On a second vote, National Assembly legalizes abortion for rape victims; Could be vetoed by Lasso

Feb 17, 2022 | 9 comments

Under orders from the Constitutional Court, the National Assembly on Thursday approved a law allowing abortion in the case of rape. The bill passed on a second vote after its sponsors agreed to reduce the period in which a pregnancy could be terminated from 16 weeks to 12. For young girls and women living in rural areas, the new law allows abortions for up to 18 weeks in cases of rape.

National Assembly members confer Thursday morning after the first attempt to pass the abortion bill failed.

Assembly advocates for more expansive abortion rights were disappointed in the outcome and said they would introduce new legislation at a later date. “The church and retrograde forces had their way today but this issue will come up again,” said Assemblywomen Johana Moreira.

Others, however, said the legislation “was a step in the right direction.” Ana Vera of the Surkuna Foundation, a women’s rights activist, said the law “will ensure the ability of women and girls to decide whether they want to continue or terminate pregnancy in the case of rape. No woman should be forced into motherhood, but neither should she be forced into a clandestine abortion,” she said, noting that the ban on abortions has not stopped women from seeking them.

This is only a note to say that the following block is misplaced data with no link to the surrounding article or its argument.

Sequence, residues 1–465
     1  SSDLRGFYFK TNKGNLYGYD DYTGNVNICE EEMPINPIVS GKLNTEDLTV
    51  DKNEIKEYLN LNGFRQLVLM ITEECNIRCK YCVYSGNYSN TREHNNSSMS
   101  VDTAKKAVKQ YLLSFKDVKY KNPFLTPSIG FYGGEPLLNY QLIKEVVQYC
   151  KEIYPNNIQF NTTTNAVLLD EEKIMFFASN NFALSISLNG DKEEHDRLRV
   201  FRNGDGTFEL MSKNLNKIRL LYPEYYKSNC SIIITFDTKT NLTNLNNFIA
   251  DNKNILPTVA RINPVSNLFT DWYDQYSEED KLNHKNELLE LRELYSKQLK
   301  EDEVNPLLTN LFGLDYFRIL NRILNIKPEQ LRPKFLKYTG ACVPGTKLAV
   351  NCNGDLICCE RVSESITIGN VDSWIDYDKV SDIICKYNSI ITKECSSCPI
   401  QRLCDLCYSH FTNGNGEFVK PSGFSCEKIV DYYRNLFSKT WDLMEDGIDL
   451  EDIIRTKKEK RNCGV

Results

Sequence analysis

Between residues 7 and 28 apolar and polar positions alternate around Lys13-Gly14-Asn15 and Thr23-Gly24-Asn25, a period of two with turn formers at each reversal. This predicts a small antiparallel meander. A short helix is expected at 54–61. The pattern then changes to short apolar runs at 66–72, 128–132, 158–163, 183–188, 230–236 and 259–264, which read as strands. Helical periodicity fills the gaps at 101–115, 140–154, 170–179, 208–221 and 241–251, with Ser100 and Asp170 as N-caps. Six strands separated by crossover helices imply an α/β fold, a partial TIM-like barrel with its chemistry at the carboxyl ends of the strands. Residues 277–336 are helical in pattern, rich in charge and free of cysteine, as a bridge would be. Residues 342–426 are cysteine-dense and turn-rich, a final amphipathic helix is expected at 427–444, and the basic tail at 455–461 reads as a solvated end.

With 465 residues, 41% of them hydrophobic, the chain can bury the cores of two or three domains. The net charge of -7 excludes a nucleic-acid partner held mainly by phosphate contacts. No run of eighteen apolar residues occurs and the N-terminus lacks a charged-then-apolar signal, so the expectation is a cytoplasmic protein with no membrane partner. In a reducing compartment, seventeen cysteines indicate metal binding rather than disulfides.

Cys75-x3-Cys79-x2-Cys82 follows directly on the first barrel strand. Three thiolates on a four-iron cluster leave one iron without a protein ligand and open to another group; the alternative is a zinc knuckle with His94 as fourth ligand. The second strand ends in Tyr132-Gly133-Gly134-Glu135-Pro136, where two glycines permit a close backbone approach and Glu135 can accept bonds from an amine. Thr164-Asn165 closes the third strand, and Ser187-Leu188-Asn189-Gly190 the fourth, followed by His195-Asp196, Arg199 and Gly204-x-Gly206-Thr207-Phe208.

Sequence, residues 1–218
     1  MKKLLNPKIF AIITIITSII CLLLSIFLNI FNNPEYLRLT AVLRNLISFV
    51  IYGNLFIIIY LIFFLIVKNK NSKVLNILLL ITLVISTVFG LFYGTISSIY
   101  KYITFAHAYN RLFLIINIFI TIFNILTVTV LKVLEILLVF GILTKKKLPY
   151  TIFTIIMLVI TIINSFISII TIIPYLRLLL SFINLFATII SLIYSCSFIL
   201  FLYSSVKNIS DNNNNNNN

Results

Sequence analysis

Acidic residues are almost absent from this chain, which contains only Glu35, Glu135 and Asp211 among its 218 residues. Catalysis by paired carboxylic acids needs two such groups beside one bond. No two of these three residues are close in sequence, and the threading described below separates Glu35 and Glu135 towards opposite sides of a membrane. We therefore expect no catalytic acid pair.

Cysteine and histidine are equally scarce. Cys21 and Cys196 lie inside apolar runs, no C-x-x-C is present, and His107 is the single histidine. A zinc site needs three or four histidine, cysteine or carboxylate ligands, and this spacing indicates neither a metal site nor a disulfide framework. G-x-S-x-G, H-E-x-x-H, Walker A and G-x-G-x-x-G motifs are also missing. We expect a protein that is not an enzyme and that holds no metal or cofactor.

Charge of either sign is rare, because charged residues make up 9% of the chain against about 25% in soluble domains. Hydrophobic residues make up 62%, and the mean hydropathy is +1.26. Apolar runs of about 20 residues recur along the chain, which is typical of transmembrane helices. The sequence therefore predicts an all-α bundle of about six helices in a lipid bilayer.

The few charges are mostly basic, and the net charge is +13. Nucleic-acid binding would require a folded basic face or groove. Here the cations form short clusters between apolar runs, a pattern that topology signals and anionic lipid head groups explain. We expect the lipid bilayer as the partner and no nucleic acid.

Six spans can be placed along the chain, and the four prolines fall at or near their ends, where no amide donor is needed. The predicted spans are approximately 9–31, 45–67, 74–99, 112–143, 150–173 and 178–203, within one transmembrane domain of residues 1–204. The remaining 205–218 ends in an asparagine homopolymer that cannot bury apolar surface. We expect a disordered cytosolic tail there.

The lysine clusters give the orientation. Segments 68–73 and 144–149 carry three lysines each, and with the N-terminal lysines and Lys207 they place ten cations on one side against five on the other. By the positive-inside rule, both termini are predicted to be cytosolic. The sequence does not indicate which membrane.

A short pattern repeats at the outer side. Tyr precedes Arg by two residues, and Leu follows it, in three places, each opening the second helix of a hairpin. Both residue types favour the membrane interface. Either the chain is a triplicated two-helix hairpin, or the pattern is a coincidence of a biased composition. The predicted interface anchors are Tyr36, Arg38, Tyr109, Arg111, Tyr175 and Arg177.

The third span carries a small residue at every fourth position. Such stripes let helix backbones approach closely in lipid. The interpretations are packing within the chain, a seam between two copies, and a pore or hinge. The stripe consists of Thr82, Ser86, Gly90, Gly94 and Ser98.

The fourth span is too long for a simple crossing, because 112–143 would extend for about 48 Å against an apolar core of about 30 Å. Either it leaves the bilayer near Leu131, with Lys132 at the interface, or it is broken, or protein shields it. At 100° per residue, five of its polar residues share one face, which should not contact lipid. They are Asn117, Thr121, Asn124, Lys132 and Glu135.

There have been no arrests or prosecutions for abortions in Ecuador since March 2021 when the court ruled that the current law is unconstitutional.

Outside the Assembly building, a crowd of about 200 women chanted and carried signs advocating for abortion rights and demanding stronger laws to protect women against violence.

Those opposing abortion in any case blamed “evil and Godless elements” in the Assembly for passage of the bill. Jaime Pallares, a member of a Catholic church-supported anti-abortion group said it was regrettable that lawmakers adopted the bill without acting to give women alternatives, such as giving up unwanted babies for adoption.

The Assembly was also under pressure from President Guillermo Lasso who said he will veto any legislation that went beyond the order of the Constitutional Court. In December, he said he would not allow “general liberalization” of the law and would apply a “narrow judgment” to the final proposal.

The president’s office had no comment after passage of the bill and it is unclear if Lasso will accept, veto or partially veto the law.

In addition to the right to abortion in cases of rape, the Voluntary Interruption of Pregnancy in cases of Rape law also allows women and girls with disabilities to voluntary terminate a pregnancy.

The final vote was 75 in favor, 41 against with 13 abstentions. Passage requires 70 votes.




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